Dolmen Alberite - final chamber
As more megalithic sites are discovered and excavated, particularly in the western part of Andalucia, in the provinces of Cádiz and Huelva, it is becoming apparent that the entire landscape was covered by megalithic tombs of various sorts; dolmens and passage graves or tombs, menhirs, some of which are re-used in later tombs and ditched enclosures. It is important to appreciate that the landscape we see today is the ‘finished landscape’ with all its features exposed.
The finished landscape began to be created about 4500 BC when the Neolithic people started to claim ownership of land by the presence of ancestors interred in megalithic tombs. The first tombs were used for a number of generations. In some areas the population felt it necessary to build a second tomb in the same area as the first and it is interesting to speculate why they did this. Was it a case of more is better, i.e. having two or more tombs increased the claim to the land? Or was it a function of the Neolithic life?
The first farmers were known to be transient, moving across the landscape as the ground in one place was exhausted. Settlements were sometimes deliberately destroyed before the population moved on to pastures new. Although the density of megalithic monuments in the south western part of Andalucia suggests a large number of human groups or tribes, it may be that there were fewer groups moving over the landscape over a period of many generations.
Whilst the ‘finished landscape’ undoubtedly had great meaning to the groups that built the last monuments, that context was not realised in its fullest form by the builders of the first monuments. In other words, the landscape, and its meaning, evolved over a period of a few thousand years influenced by new ritualistic ideas, new technology and new social norms.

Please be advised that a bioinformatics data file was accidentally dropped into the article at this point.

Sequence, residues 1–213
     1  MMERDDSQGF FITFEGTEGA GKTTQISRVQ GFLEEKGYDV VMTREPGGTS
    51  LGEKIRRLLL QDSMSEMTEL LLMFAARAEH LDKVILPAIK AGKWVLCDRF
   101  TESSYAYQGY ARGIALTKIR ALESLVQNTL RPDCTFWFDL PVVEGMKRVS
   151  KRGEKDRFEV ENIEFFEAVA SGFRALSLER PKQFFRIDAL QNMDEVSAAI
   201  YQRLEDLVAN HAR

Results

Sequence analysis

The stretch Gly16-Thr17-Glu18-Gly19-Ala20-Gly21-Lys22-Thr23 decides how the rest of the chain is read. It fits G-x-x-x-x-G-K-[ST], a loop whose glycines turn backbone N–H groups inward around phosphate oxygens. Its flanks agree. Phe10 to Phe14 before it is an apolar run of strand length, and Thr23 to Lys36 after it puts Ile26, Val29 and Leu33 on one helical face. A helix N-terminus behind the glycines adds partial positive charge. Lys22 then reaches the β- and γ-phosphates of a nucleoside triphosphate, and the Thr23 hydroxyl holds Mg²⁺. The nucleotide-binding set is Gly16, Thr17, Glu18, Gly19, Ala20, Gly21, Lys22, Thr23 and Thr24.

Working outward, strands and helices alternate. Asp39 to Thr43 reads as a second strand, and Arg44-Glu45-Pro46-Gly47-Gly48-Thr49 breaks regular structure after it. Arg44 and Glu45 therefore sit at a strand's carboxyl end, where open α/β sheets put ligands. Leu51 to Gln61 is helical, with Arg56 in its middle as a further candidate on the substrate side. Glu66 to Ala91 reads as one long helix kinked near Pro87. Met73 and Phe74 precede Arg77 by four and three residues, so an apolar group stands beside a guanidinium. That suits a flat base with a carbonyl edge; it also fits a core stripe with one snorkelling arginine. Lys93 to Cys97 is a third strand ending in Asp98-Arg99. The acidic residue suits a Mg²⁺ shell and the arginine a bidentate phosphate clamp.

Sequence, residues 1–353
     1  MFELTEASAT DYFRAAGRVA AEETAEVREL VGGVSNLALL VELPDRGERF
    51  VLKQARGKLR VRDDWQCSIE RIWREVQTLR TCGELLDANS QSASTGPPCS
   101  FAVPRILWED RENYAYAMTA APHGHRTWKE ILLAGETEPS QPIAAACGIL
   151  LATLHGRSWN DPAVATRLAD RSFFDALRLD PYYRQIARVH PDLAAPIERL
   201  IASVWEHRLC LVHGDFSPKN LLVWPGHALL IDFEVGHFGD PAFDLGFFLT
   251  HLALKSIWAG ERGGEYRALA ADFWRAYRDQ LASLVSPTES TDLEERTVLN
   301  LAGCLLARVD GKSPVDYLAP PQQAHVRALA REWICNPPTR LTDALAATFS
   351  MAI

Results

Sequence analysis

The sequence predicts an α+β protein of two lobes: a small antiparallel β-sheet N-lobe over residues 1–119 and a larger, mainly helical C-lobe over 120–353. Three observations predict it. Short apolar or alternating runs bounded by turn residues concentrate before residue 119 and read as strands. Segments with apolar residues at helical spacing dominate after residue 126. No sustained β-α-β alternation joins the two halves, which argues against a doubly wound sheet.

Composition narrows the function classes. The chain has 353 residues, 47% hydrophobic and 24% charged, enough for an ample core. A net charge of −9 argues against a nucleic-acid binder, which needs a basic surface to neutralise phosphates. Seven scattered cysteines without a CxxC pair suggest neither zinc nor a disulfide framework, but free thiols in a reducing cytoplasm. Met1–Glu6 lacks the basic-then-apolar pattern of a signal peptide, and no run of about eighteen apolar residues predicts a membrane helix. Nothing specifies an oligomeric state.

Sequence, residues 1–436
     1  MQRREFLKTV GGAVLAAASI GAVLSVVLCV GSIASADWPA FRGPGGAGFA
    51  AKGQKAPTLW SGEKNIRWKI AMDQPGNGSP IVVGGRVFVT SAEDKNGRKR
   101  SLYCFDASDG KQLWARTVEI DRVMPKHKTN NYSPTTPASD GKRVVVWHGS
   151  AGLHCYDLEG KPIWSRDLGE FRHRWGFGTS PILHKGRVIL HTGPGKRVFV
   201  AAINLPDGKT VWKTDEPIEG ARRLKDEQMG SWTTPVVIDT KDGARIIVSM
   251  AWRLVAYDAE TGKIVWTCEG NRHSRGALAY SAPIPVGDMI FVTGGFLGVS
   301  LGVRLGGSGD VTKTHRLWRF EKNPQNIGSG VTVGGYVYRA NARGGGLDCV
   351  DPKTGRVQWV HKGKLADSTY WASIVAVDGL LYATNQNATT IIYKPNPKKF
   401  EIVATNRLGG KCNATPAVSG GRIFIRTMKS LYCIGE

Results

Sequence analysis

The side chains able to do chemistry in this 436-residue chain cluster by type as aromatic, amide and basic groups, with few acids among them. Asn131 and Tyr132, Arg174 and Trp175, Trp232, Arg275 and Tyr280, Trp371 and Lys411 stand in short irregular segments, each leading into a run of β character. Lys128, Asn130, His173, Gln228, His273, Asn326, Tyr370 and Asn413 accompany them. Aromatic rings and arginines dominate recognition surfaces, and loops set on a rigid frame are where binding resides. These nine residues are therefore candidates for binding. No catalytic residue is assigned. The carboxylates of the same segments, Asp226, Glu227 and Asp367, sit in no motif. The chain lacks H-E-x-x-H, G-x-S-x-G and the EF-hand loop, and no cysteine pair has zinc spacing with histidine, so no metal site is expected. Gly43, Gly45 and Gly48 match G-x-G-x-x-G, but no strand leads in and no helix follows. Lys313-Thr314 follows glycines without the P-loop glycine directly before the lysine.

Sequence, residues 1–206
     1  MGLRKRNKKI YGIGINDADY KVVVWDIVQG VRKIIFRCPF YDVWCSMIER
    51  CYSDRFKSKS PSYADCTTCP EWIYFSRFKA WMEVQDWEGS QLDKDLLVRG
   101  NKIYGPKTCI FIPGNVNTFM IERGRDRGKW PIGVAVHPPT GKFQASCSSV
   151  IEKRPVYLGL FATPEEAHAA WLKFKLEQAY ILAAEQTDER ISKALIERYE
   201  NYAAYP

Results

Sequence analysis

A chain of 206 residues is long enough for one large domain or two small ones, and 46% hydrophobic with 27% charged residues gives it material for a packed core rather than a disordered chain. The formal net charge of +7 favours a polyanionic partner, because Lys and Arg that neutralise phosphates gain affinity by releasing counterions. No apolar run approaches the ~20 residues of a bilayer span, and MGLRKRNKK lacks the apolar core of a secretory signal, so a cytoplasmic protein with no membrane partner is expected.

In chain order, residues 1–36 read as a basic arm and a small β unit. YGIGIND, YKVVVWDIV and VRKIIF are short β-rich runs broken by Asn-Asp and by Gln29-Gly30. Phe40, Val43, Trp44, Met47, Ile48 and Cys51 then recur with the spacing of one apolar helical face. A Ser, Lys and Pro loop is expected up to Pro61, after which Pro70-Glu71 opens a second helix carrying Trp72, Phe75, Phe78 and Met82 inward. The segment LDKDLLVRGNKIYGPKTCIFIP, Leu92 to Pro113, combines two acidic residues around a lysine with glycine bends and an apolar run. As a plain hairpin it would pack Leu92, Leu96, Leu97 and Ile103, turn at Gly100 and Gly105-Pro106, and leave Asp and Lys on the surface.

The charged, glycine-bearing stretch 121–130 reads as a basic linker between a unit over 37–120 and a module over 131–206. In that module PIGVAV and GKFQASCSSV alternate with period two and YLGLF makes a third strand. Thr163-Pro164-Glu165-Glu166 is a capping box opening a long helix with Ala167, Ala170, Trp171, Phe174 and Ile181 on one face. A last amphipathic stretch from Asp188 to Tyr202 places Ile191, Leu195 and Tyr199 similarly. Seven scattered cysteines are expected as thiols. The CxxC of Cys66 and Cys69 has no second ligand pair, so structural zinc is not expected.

It would be interesting to produce a timeline showing the ‘sacred landscape’ at different times during its evolution but, unfortunately, a massive amount of dating data has yet to be obtained and then collated. It would be as interesting to find common denominators amongst the megalithic monuments, for instance; designs of engravings, patterns on idolic plagues, styles of pottery, tools, personal decoration and weapons, that could potentially identify the separate groups responsible for their construction over the eons.
In 2004, funding was obtained to build an Interpretation Centre. Unfortunately, the builders lacked the expertise of those that built the dolmen and within a few years, part of it fell down. The centre was rebuilt, along with an adjoining bar, but the site remained closed due to lack of funding. Our visit was in 2016 and the site remains closed in 2019. The owner of the land is a café bar owner in Villamartin and it is through him that visits are arranged. There is no entrance fee, but contributions are welcome. Try ringing 615 15 97 98.
Ramos Muñoz, José & Pacheco, Francisco & Domínguez-Bella, Salvador & Fernàndez, Vicente & Pérez, Manuela & Gutiérrez López, José M. & Lazarich, María & Martínez, Cristina & Cáceres, Isabel & Felíu, María. (1999). Informe arqueológico del dolmen de Alberite (Villamartín). Anuario Arqueológico de Andalucía. 1993. 64-79.
Ramos Muñoz, José. (2012). Proyectos de estudio de Arqueología Social en la región histórica del Estrecho de Gibraltar.